Rover driver Paolo Bellutta notes on the forum at unmannedspaceflight.com that JPL uses a three-color scheme in making their slope maps for traversability analysis:
0°-10°: grayscale — very little slip on any terrain
10°-12.5°: blue — some slip on sand, little slip on bedrock
12.5°-25°: green — no traverse on sand, some slip on bedrock
25°-90°: red — no traverse
Accordingly, I remade my slope map to use this color scheme. Also, I cropped down the image to make it readable by more image programs:
MSL slope map (26600×27664) — 153 MB (right click to download)
The good people working on the High Resolution Imaging Science Experiment (HiRISE) at the University of Arizona have provided several digital terrain model (DTM) files of the expected MSL landing site at Gale Crater. These files give, at a resolution of one meter per pixel, the elevation of the Mars surface shown in the corresponding visual images taken by the HiRISE camera.
Neighboring pixels can be compared in elevation to get an estimate of the slope of the terrain at each point, in degrees, where 0° is horizontal and 90° is vertical. Here’s the result of such a process applied to a mosaic of all the publicly available DTM models for the landing site:
MSL landing area slope map (31000×47000) — 213 MB jpg file (right click to download)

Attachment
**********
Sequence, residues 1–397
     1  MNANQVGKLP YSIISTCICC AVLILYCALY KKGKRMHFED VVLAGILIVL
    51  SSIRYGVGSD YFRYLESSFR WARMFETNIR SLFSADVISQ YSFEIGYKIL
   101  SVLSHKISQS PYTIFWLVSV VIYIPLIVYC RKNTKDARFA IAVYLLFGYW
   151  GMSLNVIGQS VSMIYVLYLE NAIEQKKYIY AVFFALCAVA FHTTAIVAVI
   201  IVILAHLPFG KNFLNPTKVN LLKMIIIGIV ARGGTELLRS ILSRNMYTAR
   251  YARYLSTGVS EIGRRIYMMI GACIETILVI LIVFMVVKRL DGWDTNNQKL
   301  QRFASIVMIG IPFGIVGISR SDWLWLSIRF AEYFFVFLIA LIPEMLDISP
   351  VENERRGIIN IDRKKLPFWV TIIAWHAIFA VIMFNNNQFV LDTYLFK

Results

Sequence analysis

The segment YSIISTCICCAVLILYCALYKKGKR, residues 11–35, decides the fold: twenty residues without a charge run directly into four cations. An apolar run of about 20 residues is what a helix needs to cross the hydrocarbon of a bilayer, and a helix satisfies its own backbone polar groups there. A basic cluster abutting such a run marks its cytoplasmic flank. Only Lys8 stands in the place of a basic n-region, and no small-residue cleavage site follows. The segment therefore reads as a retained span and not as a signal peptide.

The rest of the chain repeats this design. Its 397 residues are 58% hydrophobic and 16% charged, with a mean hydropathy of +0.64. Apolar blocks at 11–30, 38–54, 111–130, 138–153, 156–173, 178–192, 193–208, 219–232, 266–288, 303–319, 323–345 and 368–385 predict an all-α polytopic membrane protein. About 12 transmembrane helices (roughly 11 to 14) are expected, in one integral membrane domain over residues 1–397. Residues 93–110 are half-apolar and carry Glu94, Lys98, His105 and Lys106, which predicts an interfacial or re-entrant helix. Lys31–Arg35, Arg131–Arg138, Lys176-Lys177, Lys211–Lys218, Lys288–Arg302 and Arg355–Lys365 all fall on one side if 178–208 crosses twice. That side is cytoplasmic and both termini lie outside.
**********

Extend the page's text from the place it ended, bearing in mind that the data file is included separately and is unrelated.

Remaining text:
MSL will in all probability land in the ellipse drawn on the map above. Slope in the map is color-coded as follows:
It’s important to know the slope because the practical limit for the Curiosity rover on its drives is 25°. Thus it can be seen that areas of the map colored red, orange or yellow are generally traversable by Curiosity (at least on the basis of slope), while the other colors green, blue, indigo and violet are increasingly off-limits.
If the full-res image is larger than you want to deal with, here’s a downsampled version at 4 mpp:
MSL 4mpp slope map (7750×11750) — 17 MB (right click to download)
As MSL enters Mars’ atmosphere, the Mars Reconnaissance Orbiter will attempt to photograph it, along with receiving MSL’s radio signals for later rebroadcast to Earth.
Here’s an animation I made showing the predicted view of MRO’s HiRISE camera, using orbit and camera-pointing data published by NASA on their Navigation and Ancillary Information Facility (NAIF) website.
The background music is excerpted from Telegraphic, by Axoe.
MSL will land in the relatively flat upper left landscape shown in this mosaic of images taken by the HiRISE camera aboard the Mars Reconnaissance Orbiter. From there, the rover will travel to the more rugged landscape to the lower right (dubbed Mount Sharp, in the center of Gale Crater). The resolution of this image is 1 meter per pixel.
Full size 13000×10000 pixels — 40MB (right click to save)
Here’s a mosaic of a significantly larger area, showing the individual HiRISE image strips covering the relevant north section of Gale Crater that contains MSL’s “landing ellipse”:
Full size 30017×46254 pixels — 240 MB (right click to save)
Turns out a lot of image programs (e.g. Photoshop) can’t display images greater than 30,000 pixels or so on a side. GIMP (free software) can handle the file.
Here’s a 30000×30000 crop of the mosaic that should be viewable by Photoshop:
Full size 30000×30000 pixels — 161 MB (right click to save)
A blog about the Mars Science Laboratory mission to Mars, scheduled to land August 5, 2012 at 10:18 pm Pacific Time.